Monday, July 29, 2013

Possibly the best war museum I've seen - Nanjing, China

300000 victims in just one city 
We get off the train at Nanjing central station, take a quick look at Google Maps and get on the subway to Yunjinlu station. After misinterpreting the station area map we end up at the Silk and brocade museum. We understand straight away that we've made a mistake, nonetheless we take a jolly little walk among silkworms, looms and robes. At the end of it we get out again under the Central-Eastern China scorching sun and enter the right museum, the Nanking massacre one. The structure spreads over a number of air-conditioned halls and an outdoor area (more suffering, it would've been much better to come here in spring). The visitors can walk among commemorative sculptures and installations, reconstructions, bunkers, authentic (and rather grim) mass graves unearthed many years after the events took place and an amazing photo exhibition that I recommend you leave as the last part of your visit. 
Obviously, in order to focus on the real value of the exhibition, one has to scratch the inevitable bombast glaze that coats the whole thing and overlook for a few hours the Chinese government exploitation of the historical events (and the subsequent hatred against the Japanese) for slimy regional supremacy purposes. Beautiful sentences of the "forgivable, but not forgettable" type can sound rather shallow in this context. 
This is no doubt one of the best war museums I've seen though. Those in Hanoi and Saigon can also sport first class exhibits but the buildings that house them and the general care for details are definitely of a much lower level. At the Nanjing museum quality encompasses a number of different aspects: architectural, artistic, historical and documentary. And if that were not enough the admission is totally free, for everyone. If you happen to be anywhere in Eastern China (especially in Shanghai or the surrounding region) I strongly recommend you pay a visit to it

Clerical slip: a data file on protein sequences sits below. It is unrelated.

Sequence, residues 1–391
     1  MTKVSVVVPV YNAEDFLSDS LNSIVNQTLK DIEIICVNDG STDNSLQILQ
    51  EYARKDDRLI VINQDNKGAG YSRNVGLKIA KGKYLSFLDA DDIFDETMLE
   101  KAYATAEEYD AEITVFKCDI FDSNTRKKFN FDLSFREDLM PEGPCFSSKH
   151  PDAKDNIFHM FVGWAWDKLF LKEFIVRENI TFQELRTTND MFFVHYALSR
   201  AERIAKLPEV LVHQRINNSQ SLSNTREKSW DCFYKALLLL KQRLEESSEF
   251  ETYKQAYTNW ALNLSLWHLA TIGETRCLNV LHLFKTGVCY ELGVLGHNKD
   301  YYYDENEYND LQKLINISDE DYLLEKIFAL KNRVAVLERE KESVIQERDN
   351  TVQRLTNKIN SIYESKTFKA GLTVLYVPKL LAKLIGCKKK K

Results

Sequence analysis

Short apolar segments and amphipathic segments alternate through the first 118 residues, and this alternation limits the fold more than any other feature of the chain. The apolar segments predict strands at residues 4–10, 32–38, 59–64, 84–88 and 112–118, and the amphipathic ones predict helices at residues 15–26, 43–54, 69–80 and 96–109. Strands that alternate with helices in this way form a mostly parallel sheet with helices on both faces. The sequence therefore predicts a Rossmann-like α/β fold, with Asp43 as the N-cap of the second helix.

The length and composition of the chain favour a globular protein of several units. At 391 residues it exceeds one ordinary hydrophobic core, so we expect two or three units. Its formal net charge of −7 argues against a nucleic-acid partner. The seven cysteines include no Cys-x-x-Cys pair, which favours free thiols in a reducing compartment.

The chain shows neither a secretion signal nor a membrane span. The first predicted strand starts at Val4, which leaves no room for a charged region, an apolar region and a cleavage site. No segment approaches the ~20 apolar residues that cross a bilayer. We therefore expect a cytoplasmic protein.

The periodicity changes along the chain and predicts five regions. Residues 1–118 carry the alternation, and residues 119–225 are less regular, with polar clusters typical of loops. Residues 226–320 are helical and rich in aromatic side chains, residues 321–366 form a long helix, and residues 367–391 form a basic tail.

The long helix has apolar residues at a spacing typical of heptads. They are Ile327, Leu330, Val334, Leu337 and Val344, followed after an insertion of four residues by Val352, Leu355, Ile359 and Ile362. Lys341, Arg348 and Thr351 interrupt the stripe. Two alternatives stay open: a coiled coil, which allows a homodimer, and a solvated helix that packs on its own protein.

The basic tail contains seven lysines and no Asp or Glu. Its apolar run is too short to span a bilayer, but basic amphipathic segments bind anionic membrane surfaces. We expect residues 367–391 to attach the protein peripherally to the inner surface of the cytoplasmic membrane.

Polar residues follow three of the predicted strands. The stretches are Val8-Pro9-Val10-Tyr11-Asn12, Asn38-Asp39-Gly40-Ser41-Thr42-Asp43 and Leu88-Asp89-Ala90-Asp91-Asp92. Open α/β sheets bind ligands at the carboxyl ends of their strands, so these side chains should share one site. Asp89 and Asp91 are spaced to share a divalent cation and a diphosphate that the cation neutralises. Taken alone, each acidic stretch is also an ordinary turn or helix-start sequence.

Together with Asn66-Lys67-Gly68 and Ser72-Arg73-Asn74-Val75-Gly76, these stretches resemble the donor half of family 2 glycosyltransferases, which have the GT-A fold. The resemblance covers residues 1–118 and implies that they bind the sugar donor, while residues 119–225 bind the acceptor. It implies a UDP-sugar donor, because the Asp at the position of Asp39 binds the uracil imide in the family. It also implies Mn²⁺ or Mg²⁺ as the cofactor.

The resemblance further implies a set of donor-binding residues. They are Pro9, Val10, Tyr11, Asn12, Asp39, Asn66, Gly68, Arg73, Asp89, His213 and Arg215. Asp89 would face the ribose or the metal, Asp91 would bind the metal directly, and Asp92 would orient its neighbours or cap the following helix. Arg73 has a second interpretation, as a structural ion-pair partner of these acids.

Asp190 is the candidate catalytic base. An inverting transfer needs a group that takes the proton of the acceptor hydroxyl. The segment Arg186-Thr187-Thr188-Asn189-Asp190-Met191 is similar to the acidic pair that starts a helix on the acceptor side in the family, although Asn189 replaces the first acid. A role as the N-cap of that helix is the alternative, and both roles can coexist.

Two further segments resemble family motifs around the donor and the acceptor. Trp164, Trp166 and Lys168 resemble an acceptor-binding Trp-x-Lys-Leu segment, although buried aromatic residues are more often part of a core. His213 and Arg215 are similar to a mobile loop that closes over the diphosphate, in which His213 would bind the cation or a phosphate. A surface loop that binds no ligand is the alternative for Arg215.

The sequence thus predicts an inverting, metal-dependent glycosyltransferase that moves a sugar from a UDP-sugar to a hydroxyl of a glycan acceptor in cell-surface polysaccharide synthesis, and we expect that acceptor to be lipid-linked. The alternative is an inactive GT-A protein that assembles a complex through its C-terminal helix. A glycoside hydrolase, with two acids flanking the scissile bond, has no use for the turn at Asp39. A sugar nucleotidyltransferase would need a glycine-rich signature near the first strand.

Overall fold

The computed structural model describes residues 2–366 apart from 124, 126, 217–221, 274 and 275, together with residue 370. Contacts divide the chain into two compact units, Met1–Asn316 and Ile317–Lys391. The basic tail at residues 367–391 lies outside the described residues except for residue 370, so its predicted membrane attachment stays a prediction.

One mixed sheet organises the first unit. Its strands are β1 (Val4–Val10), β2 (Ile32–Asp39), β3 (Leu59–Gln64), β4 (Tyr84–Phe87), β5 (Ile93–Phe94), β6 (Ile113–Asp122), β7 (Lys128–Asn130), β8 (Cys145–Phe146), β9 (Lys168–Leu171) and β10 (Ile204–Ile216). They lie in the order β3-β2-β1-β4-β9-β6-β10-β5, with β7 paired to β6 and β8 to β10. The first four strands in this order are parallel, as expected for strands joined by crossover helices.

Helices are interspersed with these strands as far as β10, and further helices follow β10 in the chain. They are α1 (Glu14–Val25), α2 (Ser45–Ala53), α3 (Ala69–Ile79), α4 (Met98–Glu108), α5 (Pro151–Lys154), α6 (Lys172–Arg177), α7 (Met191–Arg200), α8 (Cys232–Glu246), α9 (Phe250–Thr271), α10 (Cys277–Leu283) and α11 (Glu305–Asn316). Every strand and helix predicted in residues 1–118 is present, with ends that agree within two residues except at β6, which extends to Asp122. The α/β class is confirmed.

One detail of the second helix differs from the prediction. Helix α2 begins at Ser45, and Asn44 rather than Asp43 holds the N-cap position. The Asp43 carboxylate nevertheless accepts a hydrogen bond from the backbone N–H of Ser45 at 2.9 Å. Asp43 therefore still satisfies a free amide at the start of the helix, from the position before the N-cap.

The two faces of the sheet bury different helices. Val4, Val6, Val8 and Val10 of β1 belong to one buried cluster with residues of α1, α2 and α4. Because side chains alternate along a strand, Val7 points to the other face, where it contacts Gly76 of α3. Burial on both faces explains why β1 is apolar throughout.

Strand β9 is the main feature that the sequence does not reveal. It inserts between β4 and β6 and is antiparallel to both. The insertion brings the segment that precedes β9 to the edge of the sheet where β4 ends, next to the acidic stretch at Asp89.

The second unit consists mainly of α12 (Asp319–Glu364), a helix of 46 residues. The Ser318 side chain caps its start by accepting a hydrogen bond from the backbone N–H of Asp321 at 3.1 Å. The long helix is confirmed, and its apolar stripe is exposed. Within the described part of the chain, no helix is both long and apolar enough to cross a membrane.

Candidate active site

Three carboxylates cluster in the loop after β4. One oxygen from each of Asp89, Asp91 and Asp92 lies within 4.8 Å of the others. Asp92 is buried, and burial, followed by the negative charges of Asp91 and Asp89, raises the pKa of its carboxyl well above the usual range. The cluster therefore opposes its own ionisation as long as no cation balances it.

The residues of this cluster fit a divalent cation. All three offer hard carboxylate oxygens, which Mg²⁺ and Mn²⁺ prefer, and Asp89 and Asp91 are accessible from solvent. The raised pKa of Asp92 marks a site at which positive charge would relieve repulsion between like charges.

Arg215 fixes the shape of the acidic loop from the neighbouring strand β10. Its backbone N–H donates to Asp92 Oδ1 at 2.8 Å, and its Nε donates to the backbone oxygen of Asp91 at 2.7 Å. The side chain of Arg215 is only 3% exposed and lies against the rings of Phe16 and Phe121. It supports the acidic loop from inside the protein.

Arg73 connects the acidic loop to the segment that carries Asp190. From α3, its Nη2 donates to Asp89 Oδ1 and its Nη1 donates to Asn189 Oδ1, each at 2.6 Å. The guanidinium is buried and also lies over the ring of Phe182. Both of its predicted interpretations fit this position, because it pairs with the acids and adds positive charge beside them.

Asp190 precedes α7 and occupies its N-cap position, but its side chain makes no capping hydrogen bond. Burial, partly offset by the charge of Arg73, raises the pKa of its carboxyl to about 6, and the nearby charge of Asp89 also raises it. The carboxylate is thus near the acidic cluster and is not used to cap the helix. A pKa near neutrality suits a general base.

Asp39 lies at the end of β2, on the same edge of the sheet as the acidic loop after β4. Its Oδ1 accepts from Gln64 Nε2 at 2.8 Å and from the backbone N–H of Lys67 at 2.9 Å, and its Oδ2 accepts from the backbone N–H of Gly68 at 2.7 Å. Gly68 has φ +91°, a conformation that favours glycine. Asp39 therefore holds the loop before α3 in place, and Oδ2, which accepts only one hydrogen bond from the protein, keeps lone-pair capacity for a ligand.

A few more photos:

Tuesday, July 16, 2013

The legendary Suzhou's wind - China

Motherly instinct: her kid can as well burn in hell as long as her princess skin is screened from the sun light
It's hot in Suzhou, a demotivating kind of hot. As a result I've decided to suspend my daily jogging sessions. Who would have thought that I would suffer it like this after all those years spent training at the tropics? Fortunately on our side we have the proverbial Suzhou's wind, as my friend L likes to call it. Besides cooling your skin the gusts can also knock down your parked bicycle, throw a handful of dust in your eyes and uncover a curvy girl's thigh or boob, in case you are lucky and she's not. The best part of it, though, is spotting one of those affected city ladies nervously grasping the handle of her closed parasol, forced to let the sun scorching her skin like a simple mainland farmer girl. Asian girls actually tend to look quite good when they are tan: I find them more sensual, feline and spicy. Far Eastern people in general though, especially the wealthier ones, consider a dark complexion a loss of status, a stain that must be washed away with expensive beauty treatments or crappy whitening creams, which turn out to be mere sunscreen products in disguise. 

Tuesday, July 9, 2013

Funny signs/8

I often come across some funny signs, billboards, notices and labels. When it happens I always make sure that I don't leave the spot without a photo. I'll post them here a few at a time.
Rest in Peace Eye Steak (Bangkok, Thailand)
That's the punishment for those who violate the rule...(Florence, Italy)
Some kind of energy saving traffic light (Thibaw, Burma)